This post is long overdue. New blog title name, credit to Danielle! I stopped writing in Tanzania for a multitude of reasons, mainly because I was becoming unhappy. Not with the country or the people, especially not the girls I grew close with, but with myself, the work I was doing, and the people that I was representing. I don’t regret the experience at all; I learned a lot about foreign aid, and about myself.  The spur of the moment decision to return home made the transition very difficult, and it was hard to leave home again after finally starting to readjust. But I stepped off the plane in Livingstone, Zambia on August 31st and breathed in the familiar African air. The smells hit me hard and I felt a pang of both happiness and nostalgia.  My stretch in Africa as a tourist feels very odd. I am not a student, or working. I am in the touristy areas, speaking English, eating western style food, and wearing pants daily. This has been the hardest adjustment of them all, to not know the languages and to be unfamiliar with customs. To what I’m sure is the annoyance of Danielle, my travel companion, I find myself comparing everything to Eastern Africa. Despite this, it has been an incredible so far.

 
The view of Victoria Falls is much better in Zimbabwe, but we had a great start in Zambia. On the first day, we met a local guide who (illegally) took us on a walk to the edge of the smaller falls surrounding the main one. We walked through streams and across rocks and swam in natural pools. The next day, we did the breath-taking Devil’s Pool and dangled over the ledge of the main falls. We also started what is apparently becoming a theme of our trip – resort crashing. We checked out the fanciest hotel in the area to use their wifi and have a beer. In Zimbabwe, we saw the amazing views of the falls, bungee jumped off the bridge right on the border of both countries, and I ate crocodile. The bungee jump was surprisingly one of the scariest things I have done. I thought it would be a breeze. But standing there with my toes over the edge, I was so scared that I forgot to hit “record” on the gopro attached to my chest. I remembered while dangling upside down, spinning in circles. 
 
From there, we did a 3-day safari to Chobe National Park in Botswana. This was my 9th safari, but my first outside of Tanzania. The animals were mostly the same, but the environment and experience was different. I saw three new animals, and watched lions mating so that was pretty cool. The campsites here were also actual campsites. Our toilet was a hole dug a few hours before we got there, and we had no electricity or running water. Compared to the fully powered camps in East Africa, this was a lot of fun and made for a more authentic experience. Our safari guide, Robson, was one of the nicest men I have met, and went above and beyond, even coming to our hotel after the safari to help navigate us around the town of Kasane. The hotel we stayed in was a splurge – way over my budget for sleeping. But it was also much needed after camping, as we had our own little cottage with a private bathroom and kitchen. After doing some laundry and crashing another resort, we climbed on a small 20-seater plane (although I have been in smaller!) and headed to Maun, also in Botswana. We have since checked into a lovely backpackers on the water, where we will be the next 3 nights. Tomorrow we set off on a Mokoro (dug out canoe) day trip on the Okavango Delta.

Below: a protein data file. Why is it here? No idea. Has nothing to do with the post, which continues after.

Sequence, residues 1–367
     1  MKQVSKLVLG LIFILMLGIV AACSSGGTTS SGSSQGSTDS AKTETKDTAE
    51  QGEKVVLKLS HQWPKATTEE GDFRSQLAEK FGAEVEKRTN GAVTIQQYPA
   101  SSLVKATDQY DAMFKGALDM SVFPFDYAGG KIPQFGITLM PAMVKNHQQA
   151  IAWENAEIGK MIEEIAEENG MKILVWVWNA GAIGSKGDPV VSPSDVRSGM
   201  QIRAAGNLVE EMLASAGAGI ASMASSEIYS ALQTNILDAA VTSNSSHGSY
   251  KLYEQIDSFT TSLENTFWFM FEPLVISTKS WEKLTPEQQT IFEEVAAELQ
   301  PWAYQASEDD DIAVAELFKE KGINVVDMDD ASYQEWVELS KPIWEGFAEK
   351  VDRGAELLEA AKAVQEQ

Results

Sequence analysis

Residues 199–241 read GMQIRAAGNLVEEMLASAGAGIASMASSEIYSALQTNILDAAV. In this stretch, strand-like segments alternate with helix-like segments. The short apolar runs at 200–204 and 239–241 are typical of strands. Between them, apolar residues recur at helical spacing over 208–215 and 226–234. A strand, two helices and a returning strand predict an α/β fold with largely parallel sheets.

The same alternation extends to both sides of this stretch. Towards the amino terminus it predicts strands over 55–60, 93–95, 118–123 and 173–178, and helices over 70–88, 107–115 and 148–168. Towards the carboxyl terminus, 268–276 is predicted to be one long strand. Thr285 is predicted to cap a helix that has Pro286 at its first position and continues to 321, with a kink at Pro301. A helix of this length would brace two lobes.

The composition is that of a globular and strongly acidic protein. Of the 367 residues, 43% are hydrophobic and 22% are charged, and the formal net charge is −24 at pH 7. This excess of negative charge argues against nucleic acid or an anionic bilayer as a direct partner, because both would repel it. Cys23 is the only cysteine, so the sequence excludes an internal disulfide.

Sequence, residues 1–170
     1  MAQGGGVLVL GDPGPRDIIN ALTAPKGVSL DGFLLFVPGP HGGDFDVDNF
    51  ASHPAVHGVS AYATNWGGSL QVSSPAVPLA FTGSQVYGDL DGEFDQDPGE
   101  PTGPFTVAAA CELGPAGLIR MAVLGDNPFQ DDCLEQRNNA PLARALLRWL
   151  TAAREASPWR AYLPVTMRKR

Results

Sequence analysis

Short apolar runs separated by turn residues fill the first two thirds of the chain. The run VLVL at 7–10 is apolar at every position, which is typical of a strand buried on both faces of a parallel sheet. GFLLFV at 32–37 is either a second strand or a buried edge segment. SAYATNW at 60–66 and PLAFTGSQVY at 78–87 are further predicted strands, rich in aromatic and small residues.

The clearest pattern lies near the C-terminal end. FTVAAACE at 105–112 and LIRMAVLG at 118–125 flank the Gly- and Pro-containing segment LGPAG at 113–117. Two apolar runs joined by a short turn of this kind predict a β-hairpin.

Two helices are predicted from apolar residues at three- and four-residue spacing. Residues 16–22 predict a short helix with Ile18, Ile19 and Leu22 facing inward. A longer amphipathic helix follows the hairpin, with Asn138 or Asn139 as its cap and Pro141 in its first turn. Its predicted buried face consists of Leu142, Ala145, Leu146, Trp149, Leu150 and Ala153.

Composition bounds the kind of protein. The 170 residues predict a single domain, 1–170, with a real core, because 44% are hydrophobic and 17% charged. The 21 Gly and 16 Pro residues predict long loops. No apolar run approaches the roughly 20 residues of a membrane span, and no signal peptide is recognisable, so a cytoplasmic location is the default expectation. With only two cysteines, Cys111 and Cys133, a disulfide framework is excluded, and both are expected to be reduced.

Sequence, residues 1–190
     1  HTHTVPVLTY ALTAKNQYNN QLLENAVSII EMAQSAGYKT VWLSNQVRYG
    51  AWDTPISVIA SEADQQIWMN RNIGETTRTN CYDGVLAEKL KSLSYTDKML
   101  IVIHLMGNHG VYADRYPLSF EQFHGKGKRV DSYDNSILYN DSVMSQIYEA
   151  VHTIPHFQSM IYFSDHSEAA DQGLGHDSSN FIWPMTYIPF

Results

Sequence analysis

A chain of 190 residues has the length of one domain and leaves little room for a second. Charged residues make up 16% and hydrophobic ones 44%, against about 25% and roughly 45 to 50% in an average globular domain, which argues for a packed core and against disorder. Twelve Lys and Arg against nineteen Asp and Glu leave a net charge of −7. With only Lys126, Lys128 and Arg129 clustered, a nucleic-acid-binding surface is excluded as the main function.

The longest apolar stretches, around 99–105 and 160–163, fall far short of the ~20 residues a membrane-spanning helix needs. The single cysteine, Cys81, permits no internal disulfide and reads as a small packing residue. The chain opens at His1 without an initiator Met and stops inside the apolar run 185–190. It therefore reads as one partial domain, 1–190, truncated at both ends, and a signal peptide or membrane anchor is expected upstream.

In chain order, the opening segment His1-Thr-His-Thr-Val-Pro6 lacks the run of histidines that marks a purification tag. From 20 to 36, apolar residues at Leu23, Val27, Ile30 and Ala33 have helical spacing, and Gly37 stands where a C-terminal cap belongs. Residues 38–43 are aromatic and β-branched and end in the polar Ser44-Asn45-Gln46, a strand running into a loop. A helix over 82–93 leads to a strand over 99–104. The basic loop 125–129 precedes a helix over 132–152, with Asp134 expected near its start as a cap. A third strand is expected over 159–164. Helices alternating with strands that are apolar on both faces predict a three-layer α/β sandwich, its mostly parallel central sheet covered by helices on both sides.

It has been an exciting trip so far, and I am looking forward to what is to come. 
 
blogger-image-1731929434                                                               Victoria Falls, Zimbabwe
blogger-image--1896670481                                “Boiling Pot”. That’s the bridge we bungeed from behind us!
blogger-image--1407795848                             We had a visitor at the pool of the resort we crashed in Kasane
blogger-image--435062877                                 Our off the beaten path (aka illegal) tour in Zambia
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                                                                               The Chobe River
 
blogger-image--1024766077                                                                        Bungee!